United in One Thing at Least

My friend Trillia Newbell's new book United has hit the shelves this week. Trillia is a wise and kind woman whose words regarding race and unity are much needed in the church—especially from a woman. After reading her book, I watched The Loving Story on Netflix, which I've highly recommended several times this week. I am also partway through Letters to A Birmingham Jail, edited by Brian Loritts, with contributions by Piper, Chandler, and more. This week I have been so struck by the importance of ongoing conversations regarding the Civil Rights movement and how they affect current movements in our culture and world. As I read and watch these stories, and learn to how parse this ongoing history (because that's what it is and will be for a long, long time), I am having to consider freshly what our response to things like gender roles, same sex attraction, homosexual unions, abortion, and even Church and non-profit polity needs to be. These words will be recorded someday in biographies and documentaries. Whether we like it or not, our words matter and they do hold weight.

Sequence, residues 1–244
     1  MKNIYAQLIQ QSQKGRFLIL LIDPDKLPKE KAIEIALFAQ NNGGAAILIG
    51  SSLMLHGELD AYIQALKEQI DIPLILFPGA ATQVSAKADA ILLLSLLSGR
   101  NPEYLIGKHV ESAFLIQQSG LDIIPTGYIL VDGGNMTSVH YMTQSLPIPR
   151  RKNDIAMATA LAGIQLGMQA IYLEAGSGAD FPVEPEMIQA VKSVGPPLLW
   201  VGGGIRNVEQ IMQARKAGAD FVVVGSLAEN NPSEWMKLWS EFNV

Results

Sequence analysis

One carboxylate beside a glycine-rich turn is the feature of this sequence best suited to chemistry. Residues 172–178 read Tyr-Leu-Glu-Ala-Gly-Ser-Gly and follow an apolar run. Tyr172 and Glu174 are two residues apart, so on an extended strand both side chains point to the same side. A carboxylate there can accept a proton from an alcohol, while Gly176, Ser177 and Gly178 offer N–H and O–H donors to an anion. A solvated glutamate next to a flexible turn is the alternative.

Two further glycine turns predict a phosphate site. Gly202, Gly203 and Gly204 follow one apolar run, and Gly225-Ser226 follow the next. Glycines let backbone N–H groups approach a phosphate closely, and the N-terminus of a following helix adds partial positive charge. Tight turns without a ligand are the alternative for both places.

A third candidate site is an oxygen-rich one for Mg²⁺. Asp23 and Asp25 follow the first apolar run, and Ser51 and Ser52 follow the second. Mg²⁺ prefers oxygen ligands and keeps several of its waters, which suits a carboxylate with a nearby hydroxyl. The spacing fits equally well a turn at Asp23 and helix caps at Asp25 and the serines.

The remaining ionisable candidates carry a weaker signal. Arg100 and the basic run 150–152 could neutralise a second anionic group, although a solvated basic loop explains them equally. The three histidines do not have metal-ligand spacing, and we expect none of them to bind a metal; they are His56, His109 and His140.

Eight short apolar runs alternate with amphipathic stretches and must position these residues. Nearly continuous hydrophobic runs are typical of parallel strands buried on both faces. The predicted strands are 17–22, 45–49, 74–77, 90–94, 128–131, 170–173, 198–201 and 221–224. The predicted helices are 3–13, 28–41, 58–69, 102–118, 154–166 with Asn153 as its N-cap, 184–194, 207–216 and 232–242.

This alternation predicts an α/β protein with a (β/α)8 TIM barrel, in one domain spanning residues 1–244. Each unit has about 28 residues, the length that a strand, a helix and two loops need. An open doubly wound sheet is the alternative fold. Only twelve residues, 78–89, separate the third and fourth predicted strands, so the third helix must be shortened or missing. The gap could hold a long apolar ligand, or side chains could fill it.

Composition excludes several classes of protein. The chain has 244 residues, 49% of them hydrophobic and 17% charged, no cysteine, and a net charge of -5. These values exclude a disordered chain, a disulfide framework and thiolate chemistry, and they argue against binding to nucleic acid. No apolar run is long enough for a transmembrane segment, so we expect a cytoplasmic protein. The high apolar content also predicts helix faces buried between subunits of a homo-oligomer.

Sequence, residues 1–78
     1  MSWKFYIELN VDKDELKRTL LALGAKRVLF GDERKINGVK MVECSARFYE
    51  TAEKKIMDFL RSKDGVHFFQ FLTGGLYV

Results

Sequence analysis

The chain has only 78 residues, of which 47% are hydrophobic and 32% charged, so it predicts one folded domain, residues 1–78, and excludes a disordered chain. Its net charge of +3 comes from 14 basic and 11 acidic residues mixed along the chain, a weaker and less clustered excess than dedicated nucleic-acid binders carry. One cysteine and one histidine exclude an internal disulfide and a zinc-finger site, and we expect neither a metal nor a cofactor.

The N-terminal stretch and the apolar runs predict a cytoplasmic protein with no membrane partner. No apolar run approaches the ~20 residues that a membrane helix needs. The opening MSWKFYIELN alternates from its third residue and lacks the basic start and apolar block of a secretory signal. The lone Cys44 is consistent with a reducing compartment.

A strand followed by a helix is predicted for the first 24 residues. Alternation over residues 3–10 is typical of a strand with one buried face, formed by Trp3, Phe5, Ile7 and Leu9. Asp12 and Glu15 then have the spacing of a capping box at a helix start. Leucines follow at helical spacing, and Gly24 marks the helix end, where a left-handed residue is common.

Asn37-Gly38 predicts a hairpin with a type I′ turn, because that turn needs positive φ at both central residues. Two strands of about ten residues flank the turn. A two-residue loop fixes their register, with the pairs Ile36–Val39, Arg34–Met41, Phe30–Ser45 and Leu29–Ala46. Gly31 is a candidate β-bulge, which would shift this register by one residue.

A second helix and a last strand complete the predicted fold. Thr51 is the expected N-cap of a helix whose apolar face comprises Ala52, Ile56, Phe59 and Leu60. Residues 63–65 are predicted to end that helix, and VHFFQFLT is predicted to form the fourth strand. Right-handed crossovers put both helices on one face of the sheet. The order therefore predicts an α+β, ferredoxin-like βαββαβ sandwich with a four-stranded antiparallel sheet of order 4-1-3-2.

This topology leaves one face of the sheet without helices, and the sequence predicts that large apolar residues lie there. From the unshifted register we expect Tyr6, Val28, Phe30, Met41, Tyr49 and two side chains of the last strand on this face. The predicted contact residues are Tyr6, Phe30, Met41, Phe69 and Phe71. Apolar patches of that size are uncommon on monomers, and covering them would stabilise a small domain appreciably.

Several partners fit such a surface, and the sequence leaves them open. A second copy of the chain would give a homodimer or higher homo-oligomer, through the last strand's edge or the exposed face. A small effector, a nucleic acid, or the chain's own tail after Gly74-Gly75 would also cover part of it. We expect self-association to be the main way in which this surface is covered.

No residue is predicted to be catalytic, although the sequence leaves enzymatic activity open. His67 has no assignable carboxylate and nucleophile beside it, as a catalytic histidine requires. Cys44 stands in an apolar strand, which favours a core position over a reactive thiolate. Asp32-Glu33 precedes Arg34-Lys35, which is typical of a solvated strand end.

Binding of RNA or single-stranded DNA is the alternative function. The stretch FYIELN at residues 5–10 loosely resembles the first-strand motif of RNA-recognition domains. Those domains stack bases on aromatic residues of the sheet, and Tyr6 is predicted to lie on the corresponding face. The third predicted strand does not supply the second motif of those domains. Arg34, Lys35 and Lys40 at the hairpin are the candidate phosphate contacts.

One thing I was deeply struck by while watching The Loving Story was the original content, first person narratives, film of actual an actual couple being persecuted for their marriage to one another, young and eager lawyers making history in 1968 regarding interracial marriage. In 2014, more than ever before in history, we are content factories.

Some day, and not very far in the future, our children and their children WILL use our words for better or worse. That makes me want to be very sober-minded and slow to speak, slow to give opinions, especially ones that have not been tried or put through the fire.

There are a number of polarizing situations at play in the world, just today I can think of three huge ones concerning religious liberties, homosexual unions, and abortion—oh, friends, let's be careful, very, very careful of how we respond. Not in fear of what will someday be used against us, but in wisdom for the sake of future generations.

These are not simply ideals and ideas—they are people, real people.

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